And you will become an effective sales coach when you are able to effortlessly:

  • Debrief recent sales calls by working your salespeople backwards through the call
  • Punch holes in the information your salespeople provide
  • Identify the two reasons (cause and effect) for each sales call that did not achieve the desired outcome.
  • Role-play any scenario, at any point in the sales process, playing the part of the salesperson
  • Provide your salespeople an appropriate plan of action to implement the lessons learned
  • Hold your salespeople accountable for the changes they agree to

Those are two good sets of guidelines but guidelines alone won't be enough to transition you from where you are today to where you need to be.  It's all about how to be more effective and you can't learn that from a list.

That's why so many sales leaders attend my annual Sales Leadership Intensive.  I usually offer that annually in the spring but we sold out with a waiting list in May so we are offering a fall session this year.

It's two intense days with me and my team.  At least half of those two days are devoted to mastering the art of coaching salespeople. This is not material you have ever heard or learned before.  You'll also leave with a sales process, appropriate metrics and keys to holding your salespeople accountable to change.  The session is limited to just 24 people and there are 15 seats available as of September 15. 

This. Will. Work.

Clear the dates - October 29-30.

Learn more here.

Use this special link to receive a 30% discount when you register.

The event will take place west of Boston at our training facilities in Westboro MA.  The best nearby hotel is the Doubletree Hotel just a mile down the road.  I hope you'll join us!

Image Copyright iStock Photos

Topics: Dave Kurlan, Sales Coaching, sales management training, sales leadership training, sales data

How the Cheesecake Factory Menu Can Make You a Better Closer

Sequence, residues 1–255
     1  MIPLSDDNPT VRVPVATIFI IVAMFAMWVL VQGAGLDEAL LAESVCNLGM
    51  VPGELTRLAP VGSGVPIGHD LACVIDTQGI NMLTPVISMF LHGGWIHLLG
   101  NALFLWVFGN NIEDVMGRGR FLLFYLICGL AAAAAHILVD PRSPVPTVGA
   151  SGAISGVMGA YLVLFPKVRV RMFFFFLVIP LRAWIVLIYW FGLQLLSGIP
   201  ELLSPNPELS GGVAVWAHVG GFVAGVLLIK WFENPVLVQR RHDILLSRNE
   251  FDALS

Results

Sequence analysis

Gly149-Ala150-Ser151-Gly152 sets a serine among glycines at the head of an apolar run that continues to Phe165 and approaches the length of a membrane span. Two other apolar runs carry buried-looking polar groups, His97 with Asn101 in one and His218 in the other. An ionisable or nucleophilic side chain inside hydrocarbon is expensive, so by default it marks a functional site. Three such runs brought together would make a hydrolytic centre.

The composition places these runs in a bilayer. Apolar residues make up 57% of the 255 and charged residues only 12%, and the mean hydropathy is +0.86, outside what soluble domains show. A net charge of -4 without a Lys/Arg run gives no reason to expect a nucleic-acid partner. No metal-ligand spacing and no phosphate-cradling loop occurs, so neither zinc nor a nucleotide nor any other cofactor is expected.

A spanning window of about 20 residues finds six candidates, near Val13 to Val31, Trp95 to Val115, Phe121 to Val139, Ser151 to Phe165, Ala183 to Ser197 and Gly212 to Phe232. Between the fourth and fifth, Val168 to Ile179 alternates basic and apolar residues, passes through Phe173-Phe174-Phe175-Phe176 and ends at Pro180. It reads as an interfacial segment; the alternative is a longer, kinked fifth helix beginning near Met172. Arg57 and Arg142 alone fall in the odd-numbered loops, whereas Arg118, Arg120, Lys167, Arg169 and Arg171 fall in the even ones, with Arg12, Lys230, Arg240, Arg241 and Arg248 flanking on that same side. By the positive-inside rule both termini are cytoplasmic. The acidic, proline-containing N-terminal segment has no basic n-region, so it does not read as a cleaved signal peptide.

Posted by Dave Kurlan on Thu, Sep 13, 2018 @ 15:09 PM

cheesecake-factory

Have you ever visited a Cheesecake Factory?  I LOVE the menu - they offer EVERYTHING.  The downside is that because there are so many items to choose from, it's difficult to decide what to order.  That's better than the options you have with my Blog.  [Please stay with me - the info on how to become a better closer is coming and if you can't wait, just scroll to the last 4 paragraphs.]

Buried in here - somewhere - are more than 1,700 articles.  But can you find any of them?  I can't!   If you scroll the left-side navigation of the Blog, you'll see that I created several categories but most of the series are not up-to-date.  Shame on me.  Despite that, there is a better chance of finding the articles you are most interested in by selecting the appropriate series than by scrolling or using the built-in Google search functionality..

The left-hand navigation menu begins with an opportunity to subscribe to the Blog, order Baseline Selling, followed by the article series, the most popular articles of all-time, 10 most recent articles, awards, and finally, free resources.

My top 5 favorite categories are:

Data and Research 
Comparing Salespeople to Children 
Sales Pipeline 
Music and Selling 
Articles Debunked 

From the most popular articles of all time, my top 5 favorites are

Exposed - Personality Tests Disguised as Sales Assessments
SPIN and Miller Heiman Compared to Baseline Selling
Personality Assessments - The Definitive Case Study
How Your Salespeople Measure Up in 21 Sales Core Competencies
Rebuttal to What Elite Salespeople Do Differently

As with the Cheesecake Factory, the choices are practically limitless but the restaurant has a much better menu.  Salespeople are guilty of the Cheesecake Factory approach too.  We'll call it the CFF for Cheesecake Factory Factor.  Several complications occur when salespeople provide their prospects with too many choices:

  • They GIVE prospects a reason to think it over which results in delayed closings
  • They FAIL to be an expert.  If they asked the right questions and actually listened to the responses, then there would be only one ideal recommendation and/or solution that is both needs and cost appropriate.
  • They ALLOW their competitors to demonstrate their own expertise, recommending a single ideal solution and differentiating.

This will seem cheesy but compare the Cheesecake Factory to a 1960's era McDonalds.  There were only 2 choices back then - a hamburger or a cheeseburger. Of course you could order fries and a shake too.

Here's how it might sound: